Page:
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Silicon Nitride Si3N4
Silicon Nitride (Si3N4), just like its close family relation silicon carbide, is one of the toughest technical ceramics available. Over the years it has been successfully used in a wide and interesting field of applications ranging from automotive engine components to roller bearings for the most exclusive skateboards (right).
Silicon Nitride is a hard, solid substance, that can be obtained by direct reaction between silicon and nitrogen at high temperatures. Silicon nitride is the main component in silicon nitride ceramics, which have relatively good shock resistance compared to other ceramics.
In microelectronics, silicon nitride is usually formed using chemical vapor deposition (CVD) method, or one of its variants, such as plasma-enhanced chemical vapor deposition (PECVD). It is usually used either as an insulator layer to electrically isolate different structures or as an etch mask in bulk micromachining. As a passivation layer for microchips, it is superior to silicon dioxide, as it is a significantly better diffusion barrier against water molecules and sodium ions, two major sources of corrosion and instability in microelectronics. It is also used as a dielectric between polysilicon layers in capacitors in analog chips.
Bulk, monolithic silicon nitride is used as a material for cutting tools, due to its hardness, thermal stability, and resistance to wear. It is especially recommended for high speed machining of cast iron. For machining of steel, it is usually coated by titanium nitride (usually by CVD) for increased chemical resistance.
Natural existence of silicon nitride is restricted to meteorites, where it very rarely occurs as mineral nierite.
NASA Scientists recognised the its unique properties when silicon nitride bearings were used in the main engines of the Space Shuttle. It was identified as one of the few monolithic ceramic materials capable of surviving the severe thermal shock and thermal gradients generated in hydrogen/oxygen rocket engines and proved completely reliable throughout the entire Space Shuttle programme.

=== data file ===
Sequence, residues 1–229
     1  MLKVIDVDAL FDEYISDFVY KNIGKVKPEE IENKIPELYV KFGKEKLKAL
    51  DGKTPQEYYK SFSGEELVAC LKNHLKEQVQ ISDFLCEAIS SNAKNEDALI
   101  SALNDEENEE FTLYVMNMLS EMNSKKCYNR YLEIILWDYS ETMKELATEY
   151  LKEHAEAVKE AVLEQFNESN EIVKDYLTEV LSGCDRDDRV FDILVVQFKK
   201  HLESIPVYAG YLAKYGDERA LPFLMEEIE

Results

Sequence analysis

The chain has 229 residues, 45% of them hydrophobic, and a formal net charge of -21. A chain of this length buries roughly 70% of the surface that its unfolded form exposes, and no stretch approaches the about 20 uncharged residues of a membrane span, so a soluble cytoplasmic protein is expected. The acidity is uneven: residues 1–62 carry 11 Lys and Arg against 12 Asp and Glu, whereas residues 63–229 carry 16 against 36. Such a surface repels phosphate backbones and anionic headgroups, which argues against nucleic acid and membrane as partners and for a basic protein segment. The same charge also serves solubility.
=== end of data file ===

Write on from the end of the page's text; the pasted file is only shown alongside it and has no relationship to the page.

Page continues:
Silicon nitride offers many distinct advantages …
- High wear and chemical resistance
- Low friction
- Non magnetic
- High temperature capability
- Low specific weight
- Long service life
- High electrical resistivity
Just like carbides and oxides, nitrides too are very hard wearing and require diamond-grinding methods to process once fired. And just like silicon carbide, silicon nitride in particular is used for applications in which physical wear is a major consideration.
At Precision Ceramics, both silicon carbide and silicon nitride sit alongside each other in the company’s vast material stores and are used for a wide range of technical components for an equally wide field of applications.
One of the major applications of silicon nitride is in the automotive industry in the manufacture of engine parts. In diesel engines, silicon nitride glow plugs promote faster start-up, pre-combustion chambers (swirl chambers) contribute to lower emissions, faster start-up and lower noise and in turbochargers, silicon nitride helps to reduce engine lag and emissions.
In petrol engines silicon nitride is used for rocker arm pads for lower wear and in exhaust gas control valves, increased acceleration is achieved by the materials use. It is currently estimated that more than 300,000 sintered silicon nitride turbochargers are made annually!
As a bearing material, silicon nitride is also used extensively for full ceramic bearings and for hybrid ceramic bearings where ceramic balls are successfully used in conjunction with steel races.
Since silicon nitride ball bearings (left) are harder than metal, contact with the bearing track is reduced resulting in up to 80% less friction and a service life between three to ten times longer than steel.
They afford higher corrosion resistance and allow higher temperature operation. Silicon nitride ball bearings can be found in high-end automotive bearings, industrial bearings, wind turbines, bicycles, rollerblades and skateboards.